They offer a more environmentally-friendly source of protein than many other foods and could help feed the world’s growing population.”

    Good grief. Coming to a menu near you – as well as cold houses that are expensive to heat, and either a ban on driving or only being allowed to buy very expensive electric cars which won’t take you as far as you’d like to go on a single charge. I don’t like their vision of the future, and I suspect that 99% of the UK population won’t be very keen on it either, if they’re ever allowed to express an opinion.


  87. Inevitably there’s more:

    “3D-printed ‘meat’: Does the plant-based product pass the taste test?”


    “For the first time, 3D-printed ‘meat’ is being served as a whole ‘cut’, with the product launching in four cities around the world this week.

    Produced by Redefine Meat, the ‘meat’ is made of plant-based products, and is completely vegan.

    BBC Newsnight’s Emily Maitlis went along to London restaurant Chotto Matte to see if it passes the taste test.”


  88. Today’s PRasNews quotes Labour “wiped Hull off the mainline rail map”
    Well here an easy way to improve Humber rail railways

    BUY LOCAL : Frack for gas onsite,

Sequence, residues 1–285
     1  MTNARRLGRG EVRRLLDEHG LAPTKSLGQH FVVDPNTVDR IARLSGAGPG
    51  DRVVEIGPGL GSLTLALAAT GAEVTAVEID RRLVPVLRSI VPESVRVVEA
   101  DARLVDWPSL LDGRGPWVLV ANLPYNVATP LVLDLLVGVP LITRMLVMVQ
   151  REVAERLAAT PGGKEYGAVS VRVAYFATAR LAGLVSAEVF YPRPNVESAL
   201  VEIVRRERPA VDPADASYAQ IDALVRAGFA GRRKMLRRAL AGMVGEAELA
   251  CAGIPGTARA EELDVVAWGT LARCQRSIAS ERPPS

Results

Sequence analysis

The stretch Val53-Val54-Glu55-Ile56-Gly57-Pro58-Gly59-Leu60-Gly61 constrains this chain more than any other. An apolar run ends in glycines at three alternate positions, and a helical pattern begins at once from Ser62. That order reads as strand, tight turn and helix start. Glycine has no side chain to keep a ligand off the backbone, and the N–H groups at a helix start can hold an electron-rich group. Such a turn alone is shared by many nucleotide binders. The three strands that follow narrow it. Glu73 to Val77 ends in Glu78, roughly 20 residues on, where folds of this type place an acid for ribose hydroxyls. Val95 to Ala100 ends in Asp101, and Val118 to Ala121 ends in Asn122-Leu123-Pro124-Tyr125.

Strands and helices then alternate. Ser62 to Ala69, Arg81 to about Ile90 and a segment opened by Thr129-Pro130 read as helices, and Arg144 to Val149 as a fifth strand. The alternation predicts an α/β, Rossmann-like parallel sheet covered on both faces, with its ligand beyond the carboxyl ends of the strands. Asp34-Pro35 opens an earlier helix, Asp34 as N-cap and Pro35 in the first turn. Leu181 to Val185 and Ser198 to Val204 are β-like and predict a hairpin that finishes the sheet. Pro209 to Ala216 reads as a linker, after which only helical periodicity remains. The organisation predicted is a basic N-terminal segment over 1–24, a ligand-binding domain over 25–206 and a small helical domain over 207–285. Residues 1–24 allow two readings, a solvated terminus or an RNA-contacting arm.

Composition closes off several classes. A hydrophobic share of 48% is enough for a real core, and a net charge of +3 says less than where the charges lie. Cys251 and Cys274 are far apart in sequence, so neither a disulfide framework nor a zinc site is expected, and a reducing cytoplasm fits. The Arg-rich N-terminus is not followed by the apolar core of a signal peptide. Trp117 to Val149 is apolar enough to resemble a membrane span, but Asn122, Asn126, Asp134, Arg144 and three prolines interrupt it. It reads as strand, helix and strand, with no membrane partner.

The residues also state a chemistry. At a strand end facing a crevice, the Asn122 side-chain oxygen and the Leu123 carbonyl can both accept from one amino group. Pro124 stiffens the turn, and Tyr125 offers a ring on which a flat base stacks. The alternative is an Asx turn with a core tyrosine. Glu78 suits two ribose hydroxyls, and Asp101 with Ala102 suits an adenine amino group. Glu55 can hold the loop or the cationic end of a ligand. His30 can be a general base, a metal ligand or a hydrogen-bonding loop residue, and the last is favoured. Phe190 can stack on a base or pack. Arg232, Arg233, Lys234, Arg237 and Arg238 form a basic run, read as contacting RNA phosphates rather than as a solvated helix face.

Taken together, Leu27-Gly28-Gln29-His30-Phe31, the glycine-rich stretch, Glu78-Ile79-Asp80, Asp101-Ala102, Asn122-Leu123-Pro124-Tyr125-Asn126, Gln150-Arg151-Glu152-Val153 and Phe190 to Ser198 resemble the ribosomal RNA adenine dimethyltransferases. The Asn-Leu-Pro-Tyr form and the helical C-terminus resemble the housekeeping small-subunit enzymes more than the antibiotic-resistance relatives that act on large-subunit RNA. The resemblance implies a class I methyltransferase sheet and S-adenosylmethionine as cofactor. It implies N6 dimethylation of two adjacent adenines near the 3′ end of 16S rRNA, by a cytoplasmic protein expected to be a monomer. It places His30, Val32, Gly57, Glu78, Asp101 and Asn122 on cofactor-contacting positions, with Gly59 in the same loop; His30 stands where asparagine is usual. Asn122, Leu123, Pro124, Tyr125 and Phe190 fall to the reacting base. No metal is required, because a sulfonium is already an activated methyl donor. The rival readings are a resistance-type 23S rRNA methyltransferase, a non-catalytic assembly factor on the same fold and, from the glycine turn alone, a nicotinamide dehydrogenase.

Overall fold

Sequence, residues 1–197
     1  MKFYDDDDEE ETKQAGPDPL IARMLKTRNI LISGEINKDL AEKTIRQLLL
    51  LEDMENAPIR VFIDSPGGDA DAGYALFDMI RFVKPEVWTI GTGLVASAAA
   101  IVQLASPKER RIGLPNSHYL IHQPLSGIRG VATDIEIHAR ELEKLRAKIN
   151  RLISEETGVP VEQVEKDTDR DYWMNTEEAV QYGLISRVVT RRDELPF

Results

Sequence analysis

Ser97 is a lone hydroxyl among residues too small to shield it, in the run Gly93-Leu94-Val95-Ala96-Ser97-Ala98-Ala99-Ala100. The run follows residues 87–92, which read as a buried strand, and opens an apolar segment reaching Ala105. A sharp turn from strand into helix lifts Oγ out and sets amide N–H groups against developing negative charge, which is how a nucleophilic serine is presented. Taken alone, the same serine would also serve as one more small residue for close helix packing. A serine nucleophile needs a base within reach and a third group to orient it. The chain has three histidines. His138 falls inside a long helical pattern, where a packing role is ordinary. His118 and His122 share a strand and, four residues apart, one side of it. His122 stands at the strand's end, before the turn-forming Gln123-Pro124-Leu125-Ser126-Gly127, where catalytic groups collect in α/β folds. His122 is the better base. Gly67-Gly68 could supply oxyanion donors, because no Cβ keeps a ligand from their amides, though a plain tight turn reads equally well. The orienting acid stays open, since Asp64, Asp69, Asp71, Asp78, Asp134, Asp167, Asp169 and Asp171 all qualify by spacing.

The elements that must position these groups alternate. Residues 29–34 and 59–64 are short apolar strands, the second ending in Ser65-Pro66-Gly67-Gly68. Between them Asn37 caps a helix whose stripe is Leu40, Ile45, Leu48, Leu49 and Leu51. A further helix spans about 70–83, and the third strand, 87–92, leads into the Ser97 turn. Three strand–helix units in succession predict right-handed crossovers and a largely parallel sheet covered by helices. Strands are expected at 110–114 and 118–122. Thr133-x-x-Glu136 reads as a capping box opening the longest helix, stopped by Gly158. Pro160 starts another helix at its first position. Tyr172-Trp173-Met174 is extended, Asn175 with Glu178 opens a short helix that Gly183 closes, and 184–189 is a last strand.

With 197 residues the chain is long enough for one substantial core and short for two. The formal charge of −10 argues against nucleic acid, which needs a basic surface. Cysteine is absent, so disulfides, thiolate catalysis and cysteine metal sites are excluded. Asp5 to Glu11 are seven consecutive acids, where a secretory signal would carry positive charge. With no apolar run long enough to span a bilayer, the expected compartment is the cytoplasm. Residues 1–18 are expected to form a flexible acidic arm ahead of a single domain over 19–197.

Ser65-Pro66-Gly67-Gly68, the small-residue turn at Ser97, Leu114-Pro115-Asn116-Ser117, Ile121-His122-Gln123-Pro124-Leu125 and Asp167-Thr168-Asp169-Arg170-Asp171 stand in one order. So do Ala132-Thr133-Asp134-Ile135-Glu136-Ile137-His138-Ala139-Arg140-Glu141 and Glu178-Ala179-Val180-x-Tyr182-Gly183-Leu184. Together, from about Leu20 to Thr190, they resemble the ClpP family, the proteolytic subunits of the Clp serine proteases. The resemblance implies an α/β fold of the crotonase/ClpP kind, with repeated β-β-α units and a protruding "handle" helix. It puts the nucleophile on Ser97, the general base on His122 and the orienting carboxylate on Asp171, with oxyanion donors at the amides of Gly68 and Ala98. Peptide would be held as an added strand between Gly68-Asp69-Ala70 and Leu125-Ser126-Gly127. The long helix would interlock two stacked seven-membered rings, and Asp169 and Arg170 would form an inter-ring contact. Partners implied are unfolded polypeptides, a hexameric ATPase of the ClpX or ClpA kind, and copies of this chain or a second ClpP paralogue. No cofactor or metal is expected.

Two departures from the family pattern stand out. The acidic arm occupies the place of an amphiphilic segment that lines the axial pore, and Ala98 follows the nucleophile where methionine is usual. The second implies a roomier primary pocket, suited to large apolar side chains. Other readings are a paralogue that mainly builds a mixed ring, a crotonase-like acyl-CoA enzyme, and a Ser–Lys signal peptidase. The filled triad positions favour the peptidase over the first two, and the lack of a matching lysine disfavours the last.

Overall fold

& generate electricity there

    Cancel the 16 massive Drax woodchip trains/day
    going full & 16 coming back empty

    but UK #FakeGreens madly cut US trees
    & buy PutinGas


  89. What was that about stranded assets?

    “World’s largest offshore wind farm ‘unprofitable’ for Equinor, say government-funded researchers
    New Norwegian study challenges Equinor’s profitability from the world largest offshore wind project under construction, located in the UK North Sea”


    “Equinor’s investment in Dogger Bank — the world’s largest offshore wind project under construction — will be unprofitable, according to a Norwegian government-funded study.

    The new research raises challenging questions about the Norwegian state-controlled oil and gas giant’s energy transition strategy.

    The study was submitted this month to Norway’s Petroleum & Energy Ministry, which financed it as part of wider research into potential energy transition opportunities for the country.

    Equinor chief executive Anders Opedal set ambitious new goals in June for the company to step up its investments in “renewables and low carbon solutions” to more than 50% of its gross annual investments by 2030.

    Equinor sees the Dogger Bank project in the UK North Sea as a world-class asset that benefits from strong wind conditions, innovations and unprecedented scale: It will have 3.6 gigawatts of installed capacity when completed.